4

Merriam-Webster doesn't help:

plural vortices also vortexes

Is the plural form a preference linked to the dialect (Am vs Br), or to the domain (aerodynamics vs meteorology), or something else?

  • 3
    "Vortex" allows either the Latin or the regular plural, so both "vortices" and "vortexes" are correct. – BillJ Jun 30 '17 at 18:37
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    Although the plural is vortices, either is acceptable and will be understood in any milieu. That is what MW tells you, helpfully enough, it seems to me! If you are writing a technical paper, it's wise to use the proper Latin plural, but it's an English word now, and vortexes is no less acceptable than referendums or aquariums. Oxford Dictionaries has a useful piece on the subject. (There is no dialectical preference.) – P. E. Dant Jun 30 '17 at 18:38
  • @P.E.Dant: Thanks for suggesting this article which I found very interesting: In French, aquaria and referenda are not used at all. – mins Jun 30 '17 at 22:28
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    @mins the French words that appear in English come from Old French via the Norman Conquest of England in the 11th century and then evolved (to some extent) separately from the French spoken in France. Which is why it must pain the modern French to hear such "English" words as "maladroit" pronounced "mal- a- droyt", but it's nine centuries too late to do anything about it. :) – Andrew Jun 30 '17 at 22:45
  • @Andrew: This mixing between languages seems a good thing to me, even with changes in spelling or pronunciation. But sometimes it's really strange, like (maybe more in the US) the use of maître d' which is actually an incomplete/meaningless expression for a French... – mins Jun 30 '17 at 23:55
3

As with many of these kinds of questions in English, the "correct" answer is the one that is either popular or in common use. In this case, both "vortices" and "vortexes" are used, so both are acceptable.

There is no difference in use between AmE and BrE. However, since "vortex" comes from the Latin, and since knowing the "proper" plural of Latin-based English words generally requires some education or at least serious study, "vortices" can sound more erudite than "vortexes".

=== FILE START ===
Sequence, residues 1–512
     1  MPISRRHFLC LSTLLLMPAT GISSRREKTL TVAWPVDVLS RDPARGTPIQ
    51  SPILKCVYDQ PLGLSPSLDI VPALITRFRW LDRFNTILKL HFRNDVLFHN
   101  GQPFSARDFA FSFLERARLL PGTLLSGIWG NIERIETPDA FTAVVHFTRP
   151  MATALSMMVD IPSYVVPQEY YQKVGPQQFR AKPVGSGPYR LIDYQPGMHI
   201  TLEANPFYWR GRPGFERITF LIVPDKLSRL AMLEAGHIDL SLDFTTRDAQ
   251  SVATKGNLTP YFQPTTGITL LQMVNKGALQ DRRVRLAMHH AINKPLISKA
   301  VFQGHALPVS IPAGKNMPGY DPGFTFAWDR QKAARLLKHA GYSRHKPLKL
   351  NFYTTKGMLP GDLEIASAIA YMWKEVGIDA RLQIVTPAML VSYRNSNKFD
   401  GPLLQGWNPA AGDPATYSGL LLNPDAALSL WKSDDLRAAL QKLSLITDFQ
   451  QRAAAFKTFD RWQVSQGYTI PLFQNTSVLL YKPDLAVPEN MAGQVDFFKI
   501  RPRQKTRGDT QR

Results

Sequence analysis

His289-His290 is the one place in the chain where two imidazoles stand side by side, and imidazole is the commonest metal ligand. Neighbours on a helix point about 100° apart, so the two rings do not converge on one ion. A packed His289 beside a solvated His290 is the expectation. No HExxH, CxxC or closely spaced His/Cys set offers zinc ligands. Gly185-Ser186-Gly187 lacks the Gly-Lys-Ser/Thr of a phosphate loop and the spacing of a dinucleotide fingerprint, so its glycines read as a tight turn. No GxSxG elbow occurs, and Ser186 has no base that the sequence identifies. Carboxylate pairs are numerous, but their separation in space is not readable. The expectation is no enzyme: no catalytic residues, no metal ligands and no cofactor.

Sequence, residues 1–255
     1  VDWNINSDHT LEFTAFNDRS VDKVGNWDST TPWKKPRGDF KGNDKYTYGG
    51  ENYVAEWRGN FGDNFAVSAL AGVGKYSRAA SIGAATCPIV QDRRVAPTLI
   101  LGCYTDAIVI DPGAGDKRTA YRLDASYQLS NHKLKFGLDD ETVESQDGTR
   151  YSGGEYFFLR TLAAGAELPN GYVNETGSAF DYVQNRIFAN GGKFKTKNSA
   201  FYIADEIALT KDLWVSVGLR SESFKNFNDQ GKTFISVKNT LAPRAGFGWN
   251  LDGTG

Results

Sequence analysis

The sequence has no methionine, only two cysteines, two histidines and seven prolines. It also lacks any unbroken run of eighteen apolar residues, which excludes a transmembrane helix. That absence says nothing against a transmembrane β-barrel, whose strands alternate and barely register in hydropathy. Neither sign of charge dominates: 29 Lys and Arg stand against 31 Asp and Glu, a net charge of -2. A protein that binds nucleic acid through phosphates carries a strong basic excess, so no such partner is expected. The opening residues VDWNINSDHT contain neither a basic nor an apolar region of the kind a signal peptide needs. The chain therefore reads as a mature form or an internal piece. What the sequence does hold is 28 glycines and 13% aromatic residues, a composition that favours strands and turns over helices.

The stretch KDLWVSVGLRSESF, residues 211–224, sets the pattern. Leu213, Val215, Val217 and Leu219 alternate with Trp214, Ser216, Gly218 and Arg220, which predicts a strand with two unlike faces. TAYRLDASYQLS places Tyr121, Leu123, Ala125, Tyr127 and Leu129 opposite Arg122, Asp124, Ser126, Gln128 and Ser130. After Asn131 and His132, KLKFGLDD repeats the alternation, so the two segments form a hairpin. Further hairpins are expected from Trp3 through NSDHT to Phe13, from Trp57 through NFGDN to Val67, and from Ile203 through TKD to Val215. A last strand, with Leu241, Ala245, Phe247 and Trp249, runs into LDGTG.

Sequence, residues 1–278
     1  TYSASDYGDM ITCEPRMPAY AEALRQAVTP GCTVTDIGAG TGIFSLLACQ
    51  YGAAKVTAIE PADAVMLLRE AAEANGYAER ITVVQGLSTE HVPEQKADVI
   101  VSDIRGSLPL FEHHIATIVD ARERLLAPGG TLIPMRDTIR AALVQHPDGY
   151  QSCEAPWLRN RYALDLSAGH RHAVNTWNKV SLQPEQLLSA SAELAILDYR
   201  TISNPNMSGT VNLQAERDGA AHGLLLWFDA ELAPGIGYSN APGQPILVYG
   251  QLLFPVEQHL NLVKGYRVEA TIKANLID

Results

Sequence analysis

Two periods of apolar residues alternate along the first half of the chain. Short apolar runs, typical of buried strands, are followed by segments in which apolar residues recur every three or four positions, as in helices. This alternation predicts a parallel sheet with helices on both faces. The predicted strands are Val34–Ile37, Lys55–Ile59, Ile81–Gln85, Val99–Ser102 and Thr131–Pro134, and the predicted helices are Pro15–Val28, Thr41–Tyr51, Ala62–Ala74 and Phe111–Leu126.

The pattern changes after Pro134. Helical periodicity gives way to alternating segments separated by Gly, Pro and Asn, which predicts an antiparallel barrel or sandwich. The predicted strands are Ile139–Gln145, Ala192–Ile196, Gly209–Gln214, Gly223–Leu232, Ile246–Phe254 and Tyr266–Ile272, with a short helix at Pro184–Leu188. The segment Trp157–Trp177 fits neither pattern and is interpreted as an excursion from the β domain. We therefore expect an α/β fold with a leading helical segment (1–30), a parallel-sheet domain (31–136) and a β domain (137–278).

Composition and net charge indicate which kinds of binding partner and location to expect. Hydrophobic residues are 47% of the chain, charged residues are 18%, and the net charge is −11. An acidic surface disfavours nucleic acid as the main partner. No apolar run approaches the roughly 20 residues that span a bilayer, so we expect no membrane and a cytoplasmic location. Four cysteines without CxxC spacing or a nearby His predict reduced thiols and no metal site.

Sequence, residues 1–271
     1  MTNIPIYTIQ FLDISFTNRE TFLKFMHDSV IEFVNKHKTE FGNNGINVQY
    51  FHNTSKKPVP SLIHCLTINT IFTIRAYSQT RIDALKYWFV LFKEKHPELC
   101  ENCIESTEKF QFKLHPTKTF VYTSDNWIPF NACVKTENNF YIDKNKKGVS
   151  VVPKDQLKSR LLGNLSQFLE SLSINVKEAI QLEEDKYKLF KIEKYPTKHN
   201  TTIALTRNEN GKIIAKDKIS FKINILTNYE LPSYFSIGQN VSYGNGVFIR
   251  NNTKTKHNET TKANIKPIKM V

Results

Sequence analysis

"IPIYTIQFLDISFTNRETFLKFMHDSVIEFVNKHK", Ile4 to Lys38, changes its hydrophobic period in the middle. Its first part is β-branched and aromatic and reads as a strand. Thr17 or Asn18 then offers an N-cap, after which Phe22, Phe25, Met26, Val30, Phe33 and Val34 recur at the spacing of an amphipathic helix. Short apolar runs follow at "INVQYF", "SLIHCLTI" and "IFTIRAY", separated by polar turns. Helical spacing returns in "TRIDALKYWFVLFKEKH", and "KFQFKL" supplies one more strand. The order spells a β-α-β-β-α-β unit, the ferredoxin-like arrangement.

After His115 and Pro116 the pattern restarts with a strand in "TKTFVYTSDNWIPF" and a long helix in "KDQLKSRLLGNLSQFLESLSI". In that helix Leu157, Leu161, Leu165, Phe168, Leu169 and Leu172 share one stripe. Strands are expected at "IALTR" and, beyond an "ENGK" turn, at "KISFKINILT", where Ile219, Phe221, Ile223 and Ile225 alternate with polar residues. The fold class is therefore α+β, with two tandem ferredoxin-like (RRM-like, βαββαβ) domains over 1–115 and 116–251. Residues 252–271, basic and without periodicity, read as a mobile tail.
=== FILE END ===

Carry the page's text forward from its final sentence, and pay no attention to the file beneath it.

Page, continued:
Or, depending on the listener, more pretentious. Personally, I prefer "vortices", but mostly because I like the way it sounds.

  • "Vortices" is definitely more formal than "swirly things". Crazy thing: my spell checker has no problem with "vortexes", but gets indigestion over "vortices", which is technically correct. – fixer1234 Jun 30 '17 at 21:03
  • @mins I'm with fixer1234 -- my Chrome spell checker doesn't like "vortices". No dictionary is perfect, I guess. – Andrew Jun 30 '17 at 22:31
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I've been watching a lot of tornado videos lately. I hear 'vortices' used a lot more than 'vortexes' but what I also hear a lot is 'vortice' (pronounced vor-ti-see) used as the singular of 'vortices!' Storm chasers have a tendency to say either 'vortices' or 'multiple vortex' and I think it's becauses vortexes just sounds wrong. They don't want to sound ignorant on the videos, so when in doubt, it's 'multiple vortex.' The El Reno tornado videos are good examples of this because it started as multiple vortices moving around as a carousel and almost all of the chasers got this on video and shouted one of the above.

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